I’m going to change the world!
There are two sides to this popular sentiment. On the one hand, it’s hyperbolic and perhaps even arrogant and egocentric to believe that I, personally, am going to be so influential that I will literally change the very course of human history on planet earth in some way.
Plenty of people have, rightly, pointed out the problematic nature of believing that we, as individuals, are so indispensable that the world will remain in some helpless condition until we get involved in making things better.
But bear with me.
I actually do believe that changing the world is not only possible but that it should be the goal of every person who enters it. We just need to clarify what it really means to do so.
Preaching is, in my opinion, a prime example of one way to effectively contribute to bettering the world in which we presently live.
Brené Brown says, “words create worlds,” meaning that the words we speak have the power to shape the direction of our lives. When we speak negatively out of a negative heart, we tend to bend our lives in an arc toward more negative outcomes. Conversely, when we speak positively out of a positive heart, we move the needle of our future in a better direction.
Preachers are artists. Our canvas is the listening congregation. Instead of oils or pastels, we work in words.
Our words make actual change happen on at least three levels…
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Preaching Changes People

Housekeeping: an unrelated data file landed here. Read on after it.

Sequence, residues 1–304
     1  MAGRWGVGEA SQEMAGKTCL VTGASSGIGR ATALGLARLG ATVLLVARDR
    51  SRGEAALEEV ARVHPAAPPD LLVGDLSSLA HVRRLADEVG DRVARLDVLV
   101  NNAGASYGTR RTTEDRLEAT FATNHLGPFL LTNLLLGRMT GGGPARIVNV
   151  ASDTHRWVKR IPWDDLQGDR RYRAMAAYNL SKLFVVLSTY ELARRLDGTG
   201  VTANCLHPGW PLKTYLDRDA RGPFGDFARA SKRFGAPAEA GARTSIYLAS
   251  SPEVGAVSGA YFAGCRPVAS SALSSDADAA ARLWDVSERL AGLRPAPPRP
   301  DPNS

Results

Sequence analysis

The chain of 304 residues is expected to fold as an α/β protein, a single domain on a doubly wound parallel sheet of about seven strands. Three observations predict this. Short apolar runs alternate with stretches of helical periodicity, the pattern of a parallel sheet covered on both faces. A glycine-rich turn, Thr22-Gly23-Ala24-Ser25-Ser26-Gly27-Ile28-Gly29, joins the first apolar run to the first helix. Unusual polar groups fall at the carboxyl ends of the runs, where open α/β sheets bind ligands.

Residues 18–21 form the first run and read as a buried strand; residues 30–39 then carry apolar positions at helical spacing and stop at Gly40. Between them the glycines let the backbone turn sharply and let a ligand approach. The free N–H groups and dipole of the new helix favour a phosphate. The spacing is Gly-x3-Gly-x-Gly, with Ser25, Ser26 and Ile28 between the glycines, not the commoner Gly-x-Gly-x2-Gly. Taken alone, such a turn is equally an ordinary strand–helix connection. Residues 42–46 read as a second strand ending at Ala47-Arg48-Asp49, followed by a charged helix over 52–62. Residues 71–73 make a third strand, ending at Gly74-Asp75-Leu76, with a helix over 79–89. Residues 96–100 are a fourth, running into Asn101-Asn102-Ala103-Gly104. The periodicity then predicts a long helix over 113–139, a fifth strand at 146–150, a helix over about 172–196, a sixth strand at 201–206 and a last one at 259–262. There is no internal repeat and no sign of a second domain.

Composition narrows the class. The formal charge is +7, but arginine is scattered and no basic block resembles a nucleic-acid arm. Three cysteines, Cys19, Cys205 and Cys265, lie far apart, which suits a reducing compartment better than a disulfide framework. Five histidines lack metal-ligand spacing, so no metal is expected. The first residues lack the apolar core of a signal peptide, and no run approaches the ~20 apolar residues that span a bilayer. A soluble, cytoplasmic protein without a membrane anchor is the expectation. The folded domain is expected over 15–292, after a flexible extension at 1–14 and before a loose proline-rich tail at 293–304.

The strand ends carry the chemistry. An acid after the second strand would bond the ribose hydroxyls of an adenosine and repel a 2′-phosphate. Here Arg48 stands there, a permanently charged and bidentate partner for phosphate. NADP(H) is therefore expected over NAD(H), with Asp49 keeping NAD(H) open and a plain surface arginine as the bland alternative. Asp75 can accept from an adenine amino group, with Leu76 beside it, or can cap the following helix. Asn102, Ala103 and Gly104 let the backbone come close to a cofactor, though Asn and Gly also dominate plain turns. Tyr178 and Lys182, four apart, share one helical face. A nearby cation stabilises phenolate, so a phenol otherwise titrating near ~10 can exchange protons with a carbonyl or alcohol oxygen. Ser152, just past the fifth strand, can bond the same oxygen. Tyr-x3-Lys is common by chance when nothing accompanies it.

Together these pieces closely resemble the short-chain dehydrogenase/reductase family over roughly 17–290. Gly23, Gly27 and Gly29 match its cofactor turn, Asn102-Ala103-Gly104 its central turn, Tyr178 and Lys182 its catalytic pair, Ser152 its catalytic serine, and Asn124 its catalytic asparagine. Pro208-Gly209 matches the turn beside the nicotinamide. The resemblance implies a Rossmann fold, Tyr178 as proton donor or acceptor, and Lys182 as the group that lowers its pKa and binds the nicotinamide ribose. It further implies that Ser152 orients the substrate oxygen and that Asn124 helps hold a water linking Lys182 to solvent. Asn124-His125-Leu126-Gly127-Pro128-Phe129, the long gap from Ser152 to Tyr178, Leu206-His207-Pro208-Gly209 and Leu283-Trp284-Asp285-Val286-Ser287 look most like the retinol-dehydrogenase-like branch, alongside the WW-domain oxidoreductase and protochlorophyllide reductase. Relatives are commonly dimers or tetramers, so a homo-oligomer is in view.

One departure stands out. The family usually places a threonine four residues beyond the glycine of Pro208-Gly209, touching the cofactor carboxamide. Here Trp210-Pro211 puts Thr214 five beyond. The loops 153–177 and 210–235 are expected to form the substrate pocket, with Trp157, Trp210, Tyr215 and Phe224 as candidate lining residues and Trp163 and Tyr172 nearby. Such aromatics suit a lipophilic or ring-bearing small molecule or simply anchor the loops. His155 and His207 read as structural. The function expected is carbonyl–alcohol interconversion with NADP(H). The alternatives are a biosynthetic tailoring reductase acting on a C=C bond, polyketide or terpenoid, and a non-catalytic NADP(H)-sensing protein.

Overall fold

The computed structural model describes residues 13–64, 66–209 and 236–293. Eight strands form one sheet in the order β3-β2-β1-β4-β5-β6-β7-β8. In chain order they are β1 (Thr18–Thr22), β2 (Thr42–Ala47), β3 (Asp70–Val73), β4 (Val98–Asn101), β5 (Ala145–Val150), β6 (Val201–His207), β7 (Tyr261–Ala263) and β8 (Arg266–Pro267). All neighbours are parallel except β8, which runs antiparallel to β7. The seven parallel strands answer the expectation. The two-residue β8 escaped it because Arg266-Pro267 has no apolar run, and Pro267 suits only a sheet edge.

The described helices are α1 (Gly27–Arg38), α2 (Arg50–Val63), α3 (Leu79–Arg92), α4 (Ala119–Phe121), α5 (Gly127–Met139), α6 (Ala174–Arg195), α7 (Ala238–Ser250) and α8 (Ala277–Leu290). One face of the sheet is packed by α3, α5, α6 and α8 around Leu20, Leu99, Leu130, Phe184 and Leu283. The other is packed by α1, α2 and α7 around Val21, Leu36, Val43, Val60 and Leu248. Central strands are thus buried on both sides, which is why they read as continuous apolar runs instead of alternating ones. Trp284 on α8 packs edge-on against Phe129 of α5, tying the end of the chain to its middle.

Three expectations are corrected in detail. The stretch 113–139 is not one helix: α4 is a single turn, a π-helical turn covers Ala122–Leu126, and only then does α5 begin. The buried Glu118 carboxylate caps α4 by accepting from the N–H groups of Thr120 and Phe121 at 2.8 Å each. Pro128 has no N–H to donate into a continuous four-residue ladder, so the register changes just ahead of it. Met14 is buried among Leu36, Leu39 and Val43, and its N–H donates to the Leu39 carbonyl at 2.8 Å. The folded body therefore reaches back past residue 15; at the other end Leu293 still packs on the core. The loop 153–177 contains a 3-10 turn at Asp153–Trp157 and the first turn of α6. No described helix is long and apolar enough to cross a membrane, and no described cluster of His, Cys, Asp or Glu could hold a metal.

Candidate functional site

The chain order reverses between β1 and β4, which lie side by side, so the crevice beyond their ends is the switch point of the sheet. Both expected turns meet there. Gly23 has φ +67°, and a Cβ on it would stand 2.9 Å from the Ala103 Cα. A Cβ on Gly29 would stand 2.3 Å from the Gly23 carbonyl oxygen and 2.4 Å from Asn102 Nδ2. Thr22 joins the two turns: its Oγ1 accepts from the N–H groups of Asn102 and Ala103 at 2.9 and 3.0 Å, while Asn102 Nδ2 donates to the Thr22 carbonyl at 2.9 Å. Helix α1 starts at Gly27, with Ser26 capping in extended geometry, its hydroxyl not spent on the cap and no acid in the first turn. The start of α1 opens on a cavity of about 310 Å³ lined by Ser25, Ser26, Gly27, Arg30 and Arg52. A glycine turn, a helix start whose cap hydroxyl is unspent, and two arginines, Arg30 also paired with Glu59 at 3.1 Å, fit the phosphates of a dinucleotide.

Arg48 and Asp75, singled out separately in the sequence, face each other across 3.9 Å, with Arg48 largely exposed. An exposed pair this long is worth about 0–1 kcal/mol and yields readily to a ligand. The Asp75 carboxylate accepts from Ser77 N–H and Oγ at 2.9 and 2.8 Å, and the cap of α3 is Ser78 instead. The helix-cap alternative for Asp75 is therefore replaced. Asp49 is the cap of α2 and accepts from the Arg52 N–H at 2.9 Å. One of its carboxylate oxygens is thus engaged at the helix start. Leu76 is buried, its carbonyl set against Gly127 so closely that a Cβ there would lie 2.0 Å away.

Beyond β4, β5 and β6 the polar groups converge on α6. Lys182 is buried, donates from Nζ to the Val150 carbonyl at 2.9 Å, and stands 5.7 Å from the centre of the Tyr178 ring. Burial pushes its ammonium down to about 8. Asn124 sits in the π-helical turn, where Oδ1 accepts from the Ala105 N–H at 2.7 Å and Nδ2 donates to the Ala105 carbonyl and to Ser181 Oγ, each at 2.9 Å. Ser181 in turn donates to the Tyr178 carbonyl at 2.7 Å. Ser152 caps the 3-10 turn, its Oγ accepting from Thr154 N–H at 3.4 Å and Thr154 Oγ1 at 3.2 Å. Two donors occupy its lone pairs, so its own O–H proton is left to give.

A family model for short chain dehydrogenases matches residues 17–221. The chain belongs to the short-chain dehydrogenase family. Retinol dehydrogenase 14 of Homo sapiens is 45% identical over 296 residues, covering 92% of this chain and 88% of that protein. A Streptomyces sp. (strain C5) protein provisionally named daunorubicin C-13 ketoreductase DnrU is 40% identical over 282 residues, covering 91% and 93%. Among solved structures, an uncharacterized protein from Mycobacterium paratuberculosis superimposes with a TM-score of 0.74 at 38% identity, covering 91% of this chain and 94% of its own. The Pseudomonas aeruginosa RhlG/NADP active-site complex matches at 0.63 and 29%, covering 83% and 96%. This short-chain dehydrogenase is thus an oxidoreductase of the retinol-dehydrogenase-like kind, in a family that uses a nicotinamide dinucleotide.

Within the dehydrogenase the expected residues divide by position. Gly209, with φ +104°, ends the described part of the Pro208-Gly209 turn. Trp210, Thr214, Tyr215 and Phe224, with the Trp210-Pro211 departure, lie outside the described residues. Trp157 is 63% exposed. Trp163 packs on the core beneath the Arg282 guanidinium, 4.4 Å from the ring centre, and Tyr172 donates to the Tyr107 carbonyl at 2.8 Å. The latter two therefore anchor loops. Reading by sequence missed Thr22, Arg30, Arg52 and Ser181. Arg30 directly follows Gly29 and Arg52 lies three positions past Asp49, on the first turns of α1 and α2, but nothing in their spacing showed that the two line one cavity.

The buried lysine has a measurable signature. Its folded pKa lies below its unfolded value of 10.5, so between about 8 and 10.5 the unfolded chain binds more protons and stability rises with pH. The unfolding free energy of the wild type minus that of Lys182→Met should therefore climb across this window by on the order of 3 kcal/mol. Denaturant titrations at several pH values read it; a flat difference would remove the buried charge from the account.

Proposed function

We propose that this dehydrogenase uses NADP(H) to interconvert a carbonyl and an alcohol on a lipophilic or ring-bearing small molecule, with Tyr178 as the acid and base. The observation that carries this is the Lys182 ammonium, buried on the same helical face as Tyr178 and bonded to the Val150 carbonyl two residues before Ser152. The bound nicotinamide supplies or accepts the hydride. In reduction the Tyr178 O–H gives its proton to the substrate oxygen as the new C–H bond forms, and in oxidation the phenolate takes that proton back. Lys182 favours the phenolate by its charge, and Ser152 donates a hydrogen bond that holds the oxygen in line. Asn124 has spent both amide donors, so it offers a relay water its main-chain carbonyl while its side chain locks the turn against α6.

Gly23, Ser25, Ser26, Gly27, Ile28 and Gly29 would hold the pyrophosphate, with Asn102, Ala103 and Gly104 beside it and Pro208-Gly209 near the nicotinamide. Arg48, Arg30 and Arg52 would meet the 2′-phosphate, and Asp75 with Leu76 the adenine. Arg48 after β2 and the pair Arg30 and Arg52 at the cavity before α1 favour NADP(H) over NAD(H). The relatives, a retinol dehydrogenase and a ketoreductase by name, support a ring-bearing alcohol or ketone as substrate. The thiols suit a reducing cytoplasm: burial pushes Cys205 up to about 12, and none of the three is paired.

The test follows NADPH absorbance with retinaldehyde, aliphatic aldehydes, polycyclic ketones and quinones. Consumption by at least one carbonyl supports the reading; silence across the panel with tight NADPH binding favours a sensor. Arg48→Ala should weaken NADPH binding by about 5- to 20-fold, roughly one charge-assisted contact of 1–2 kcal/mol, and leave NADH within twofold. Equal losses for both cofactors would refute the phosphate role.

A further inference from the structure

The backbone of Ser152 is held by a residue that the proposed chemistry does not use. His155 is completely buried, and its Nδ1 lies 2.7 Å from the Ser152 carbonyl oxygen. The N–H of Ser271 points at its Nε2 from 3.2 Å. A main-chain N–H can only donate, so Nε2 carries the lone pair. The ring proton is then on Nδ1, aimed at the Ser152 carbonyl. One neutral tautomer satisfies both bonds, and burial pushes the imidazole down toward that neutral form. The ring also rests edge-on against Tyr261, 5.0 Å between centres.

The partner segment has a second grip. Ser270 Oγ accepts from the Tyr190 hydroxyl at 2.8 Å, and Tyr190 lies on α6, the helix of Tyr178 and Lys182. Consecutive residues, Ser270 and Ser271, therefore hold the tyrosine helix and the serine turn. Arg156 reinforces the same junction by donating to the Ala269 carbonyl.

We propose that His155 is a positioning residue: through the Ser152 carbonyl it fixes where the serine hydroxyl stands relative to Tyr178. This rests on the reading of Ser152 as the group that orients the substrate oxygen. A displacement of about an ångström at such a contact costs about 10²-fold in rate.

I’ve been listening to the preaching of the gospel since I was born, practically speaking. During my teen years, I experienced a pause as my family stopped attending church regularly, but when I started back at age seventeen, everything I was hearing was familiar to me.
Deep within my psyche, it had been ingrained in me that I was a sinner in need of saving, that Jesus Christ was God’s Son who died on the cross for the forgiveness of my sins and that he had risen again to offer me eternal life and victory over death.
I had well-formed ideas about right and wrong (that didn’t keep me from doing wrong things, but I usually knew what I was doing wasn’t right).
I had values and viewpoints about social issues, family, marriage, relationships, sexuality, etc. and those viewpoints had all been informed, at least in part, by the messages I’d received growing up listening to two or three sermons every week.
If you’re a preaching pastor, it’s likely you’ve wondered about the impact of your preaching. You might see people living in ways that seem to directly contradict what you’ve proclaimed on Sunday as the holy, healthy, wise way to live.
You probably wonder, sometimes, if anyone remembers anything you’ve ever said on a Sunday.
My advice is to focus on the long game. Realize that preaching isn’t just about what people do at the end of a message. It’s more about how people’s minds are changed, over time and repeated exposure to the gospel, about the God who created them, the world in which they live, and the relationships in which they are involved.
It’s the steady diet of preaching that makes the real difference in people.
And yes, there are those moments when, in response to a single message, a person’s life is absolutely changed forever. Perhaps it’s when the Holy Spirit cracks through the hard outer shell of the human heart to make the nature of the gospel of Jesus Christ suddenly clear to someone who was a lost, wandering soul before. Repentance happens. Old things pass away. All things become new.
Therefore, if God has called, gifted, and assigned you to the role of preaching regularly to a congregation of people, know that you are making a difference, even if you can’t always see it clearly from one week to the next.
Preaching Changes the Church
I hear the argument quite often that the early church wasn’t necessarily arranged around a single weekly lecture-style sermon. And I agree.